I am not familiar with Sand Hill Properties but reading the SJM there is a lot of letters to the editor concerning Sand Hill's Involvement with the Vallco Shopping Center redevelopment in Cupertino. There is note of law suits, bankruptcies, accidental removal of a historic building in Palo Alto, lack of adherence to contractual relationships, lack of attention to resident's concerns.

So why is the city entertaining a relationship with them concerning a perfectly fine building? There is nothing wrong with the building. Other than media smacking it down.

Palo Alto does not need to buy itself into another construction debacle at this time. We just went through that - we don't need to keep going down the rabbit hole every time a developer pops up with a desire to tear things apart.


2 people like this
Posted by resident 1
a resident of Adobe-Meadow
on Oct 13, 2015 at 12:01 pm

We have another thread on East Palo Alto in the system. We are all congratulating them on the great strides they are making.

Note that the beautiful and formable office/hotel complex on the University and 101 interchange, formerly Whiskey Gulch, is in East Palo Alto. Those buildings are in excess of four stores.

That is what people first see when they come off the freeway into the city. It is an impressive set of buildings. The architecture is beautiful considering the law firms that are located there. If what people first see is over four stories then why is PA stuck on a limitation that serves no purpose.

And why is a building in excess of four stories a reason to tear it down.
In the case of the building on El Camino Sand Hill Properties wants to leverage that building with the upgrade of the Vallco Center in Cupertino.

That is going down the rabbit hole - we have been there before.


1 person likes this
Posted by Crescent Park Dad
a resident of Crescent Park
on Oct 13, 2015 at 1:10 pm

There's a big difference in siting tall buildings in an area that has no other buildings or residences in its collective set of shadows. Another example would be the Oracle complex out in the extremes of Redwood Shores. The development has plenty of land on all sides of the buildings and does not impose its bulk upon its immediate neighbors.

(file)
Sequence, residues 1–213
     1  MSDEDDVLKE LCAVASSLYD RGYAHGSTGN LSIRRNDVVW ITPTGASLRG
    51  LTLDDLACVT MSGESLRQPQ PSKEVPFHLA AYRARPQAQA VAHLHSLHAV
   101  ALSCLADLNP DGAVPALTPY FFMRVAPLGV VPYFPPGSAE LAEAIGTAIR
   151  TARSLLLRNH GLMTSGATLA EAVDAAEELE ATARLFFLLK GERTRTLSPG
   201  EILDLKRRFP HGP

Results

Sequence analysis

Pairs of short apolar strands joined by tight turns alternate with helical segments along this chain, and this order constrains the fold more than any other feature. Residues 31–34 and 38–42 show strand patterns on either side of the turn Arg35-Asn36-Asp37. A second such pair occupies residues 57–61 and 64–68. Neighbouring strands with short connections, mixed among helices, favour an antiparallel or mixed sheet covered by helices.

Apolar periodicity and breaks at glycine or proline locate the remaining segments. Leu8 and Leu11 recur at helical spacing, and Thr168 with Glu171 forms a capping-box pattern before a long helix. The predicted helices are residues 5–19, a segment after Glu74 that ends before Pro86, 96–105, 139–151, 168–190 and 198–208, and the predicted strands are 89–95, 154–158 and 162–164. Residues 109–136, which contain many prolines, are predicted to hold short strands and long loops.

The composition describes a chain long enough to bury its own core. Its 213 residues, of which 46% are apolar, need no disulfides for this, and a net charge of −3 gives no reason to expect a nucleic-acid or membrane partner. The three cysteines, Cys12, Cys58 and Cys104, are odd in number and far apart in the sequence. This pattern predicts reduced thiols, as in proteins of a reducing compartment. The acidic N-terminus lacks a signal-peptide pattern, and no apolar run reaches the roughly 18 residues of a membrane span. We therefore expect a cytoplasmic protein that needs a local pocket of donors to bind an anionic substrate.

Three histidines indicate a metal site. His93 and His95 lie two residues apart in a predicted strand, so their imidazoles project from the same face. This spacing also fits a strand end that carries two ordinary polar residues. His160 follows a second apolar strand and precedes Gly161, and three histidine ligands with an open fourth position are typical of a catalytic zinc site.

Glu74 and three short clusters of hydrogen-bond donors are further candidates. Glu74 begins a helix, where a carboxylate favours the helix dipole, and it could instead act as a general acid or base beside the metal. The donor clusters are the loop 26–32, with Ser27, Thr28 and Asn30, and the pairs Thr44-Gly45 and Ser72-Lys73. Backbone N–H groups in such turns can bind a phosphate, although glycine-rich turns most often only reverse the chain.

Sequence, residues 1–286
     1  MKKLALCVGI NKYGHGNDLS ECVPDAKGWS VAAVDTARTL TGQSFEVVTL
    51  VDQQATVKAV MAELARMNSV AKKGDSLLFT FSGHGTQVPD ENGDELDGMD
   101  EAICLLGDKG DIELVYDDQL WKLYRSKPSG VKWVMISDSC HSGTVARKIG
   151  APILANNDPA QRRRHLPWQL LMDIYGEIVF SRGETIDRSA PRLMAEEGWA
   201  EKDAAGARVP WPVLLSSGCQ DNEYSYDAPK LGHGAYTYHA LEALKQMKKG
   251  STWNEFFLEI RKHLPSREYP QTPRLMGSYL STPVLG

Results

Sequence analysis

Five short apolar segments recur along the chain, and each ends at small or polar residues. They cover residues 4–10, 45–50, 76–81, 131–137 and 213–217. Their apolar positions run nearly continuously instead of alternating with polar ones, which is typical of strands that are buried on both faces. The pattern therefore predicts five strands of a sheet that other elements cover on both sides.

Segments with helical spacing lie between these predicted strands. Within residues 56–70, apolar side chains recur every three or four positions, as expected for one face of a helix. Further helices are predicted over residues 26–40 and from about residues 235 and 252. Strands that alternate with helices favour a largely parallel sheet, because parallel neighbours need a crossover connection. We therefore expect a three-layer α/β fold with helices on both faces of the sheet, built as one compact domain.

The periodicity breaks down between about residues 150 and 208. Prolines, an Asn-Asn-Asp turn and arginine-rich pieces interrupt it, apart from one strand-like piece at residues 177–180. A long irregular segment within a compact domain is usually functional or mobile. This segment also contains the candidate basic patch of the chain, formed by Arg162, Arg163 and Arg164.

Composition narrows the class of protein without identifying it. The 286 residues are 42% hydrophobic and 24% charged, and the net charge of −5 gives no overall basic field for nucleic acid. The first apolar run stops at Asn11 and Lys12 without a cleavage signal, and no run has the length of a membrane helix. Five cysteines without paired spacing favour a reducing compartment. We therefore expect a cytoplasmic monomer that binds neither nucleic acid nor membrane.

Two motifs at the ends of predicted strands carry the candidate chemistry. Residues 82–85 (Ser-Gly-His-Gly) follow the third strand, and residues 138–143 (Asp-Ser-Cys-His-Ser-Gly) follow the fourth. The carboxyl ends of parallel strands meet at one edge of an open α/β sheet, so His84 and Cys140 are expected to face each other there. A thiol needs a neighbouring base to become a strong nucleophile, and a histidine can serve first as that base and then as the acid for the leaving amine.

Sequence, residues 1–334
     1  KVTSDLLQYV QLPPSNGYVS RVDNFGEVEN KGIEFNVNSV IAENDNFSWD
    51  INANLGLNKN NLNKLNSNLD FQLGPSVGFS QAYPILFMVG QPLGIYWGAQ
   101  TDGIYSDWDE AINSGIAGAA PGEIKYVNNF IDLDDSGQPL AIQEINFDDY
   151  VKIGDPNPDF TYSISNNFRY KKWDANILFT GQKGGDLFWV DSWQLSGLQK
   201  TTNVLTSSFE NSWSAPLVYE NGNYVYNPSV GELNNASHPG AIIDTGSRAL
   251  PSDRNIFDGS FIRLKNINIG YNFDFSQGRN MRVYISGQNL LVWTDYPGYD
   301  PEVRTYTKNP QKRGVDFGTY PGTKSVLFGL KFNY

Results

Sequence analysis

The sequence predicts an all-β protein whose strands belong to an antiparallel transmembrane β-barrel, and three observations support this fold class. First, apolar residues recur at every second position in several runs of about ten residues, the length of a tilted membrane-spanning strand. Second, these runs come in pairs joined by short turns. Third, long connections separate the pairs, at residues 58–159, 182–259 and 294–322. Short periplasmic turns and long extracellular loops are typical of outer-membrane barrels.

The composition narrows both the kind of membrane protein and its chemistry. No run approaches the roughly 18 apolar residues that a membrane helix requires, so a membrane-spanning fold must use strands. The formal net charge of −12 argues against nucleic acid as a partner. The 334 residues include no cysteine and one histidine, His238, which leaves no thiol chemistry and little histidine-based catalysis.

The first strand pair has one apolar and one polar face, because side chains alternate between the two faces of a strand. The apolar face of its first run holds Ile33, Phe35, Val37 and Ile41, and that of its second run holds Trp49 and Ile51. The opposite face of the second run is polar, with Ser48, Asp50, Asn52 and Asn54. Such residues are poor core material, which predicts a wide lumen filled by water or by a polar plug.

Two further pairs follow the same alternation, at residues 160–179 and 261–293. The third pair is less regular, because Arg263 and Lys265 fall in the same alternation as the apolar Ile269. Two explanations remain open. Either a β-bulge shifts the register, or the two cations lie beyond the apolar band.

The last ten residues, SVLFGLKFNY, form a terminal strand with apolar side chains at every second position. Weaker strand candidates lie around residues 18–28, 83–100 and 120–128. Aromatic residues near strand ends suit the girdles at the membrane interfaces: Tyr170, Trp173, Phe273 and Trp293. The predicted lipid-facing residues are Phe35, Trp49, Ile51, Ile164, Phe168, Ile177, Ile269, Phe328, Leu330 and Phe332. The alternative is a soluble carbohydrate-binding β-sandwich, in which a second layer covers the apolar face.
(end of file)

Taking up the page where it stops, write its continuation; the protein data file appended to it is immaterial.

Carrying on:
Allowing such building in downtown PA would create an unrecoverable and claustrophobic canyon that would impose its presence on so many people in the surrounding blocks of DTPA.


Like this comment
Posted by resident 1
a resident of Adobe-Meadow
on Oct 13, 2015 at 1:26 pm

I don't get your point as being relevant to this situation. The buildings on University / 101 are directly across the street from the beginning of the University large homes.

The building on El Camino is next to a soccer field and across the street - Oregon from even taller buildings. It is a business district.
It has no relevance to the buildings on Oracle that are in a large business park.


4 people like this
Posted by Crescent Park Dad
a resident of Crescent Park
on Oct 13, 2015 at 2:15 pm

Sorry for that. I agree that my comments are a distant tangent to the ECR building. Let me try to tie some of the loose ends.

I think that any change in height limits is a very slippery slope. There is a push for ECR (in PA) to change - but there is no doubt that then the push comes to Cal Ave and DTPA. That's why I'm very resistant to any changes to height limits in PA.

The EPA complex is not in PA and the Crescent Park homes across the creek are definitely not in the shadows of that complex. Plus PA has no control on EPA height limits. I compared the EPA complex to the Oracle complex in terms of not being in the center of town.

Sorry for the confusion.


Like this comment
Posted by resident 1
a resident of Adobe-Meadow
on Oct 13, 2015 at 3:41 pm

I am focused on ECR because there is a bus lane that will be forced down our throats whether we like it or not. If that be the case than the shabby buildings that are currently in the "ancient, falling apart zone" will make this whole event a useless exercise. We are not short on useless exercises.

If there is a bus lane then we should use that as the impetus to redevelop
the street. Part of ECR does have very attractive new apartments / hotels so why not the whole street. We can make one building for young, single people and another for seniors. Throw in a low income building.
The city can accomplish all of their goals in one location and the end result would be new, attractive buildings that everyone can be proud of.


Like this comment
Posted by Harry Devlin
a resident of another community
on May 4, 2016 at 7:09 pm

Harry Devlin is a registered user.

[Post removed.]


Like this comment
Posted by resident 1
a resident of Adobe-Meadow
on May 4, 2016 at 9:49 pm

This is an older story - not sure what the current situation is. Sand Hill is involved in the Vallco Shopping center rebuild. Why they would take this on at this time is questionable. Unless they are trying to merge the financials for the Vallco project with this one. What ever the outcome the two are intertwined as to limited resources and financing.

The write-up on the building is unfortunate and one sided. It is a fine building. And if you look down the street there is a lot of new building going on in that direct section of ECR. When those new buildings are done the whole street will be looking very good and the building in question will not be sticking out by itself.


Sorry, but further commenting on this topic has been closed.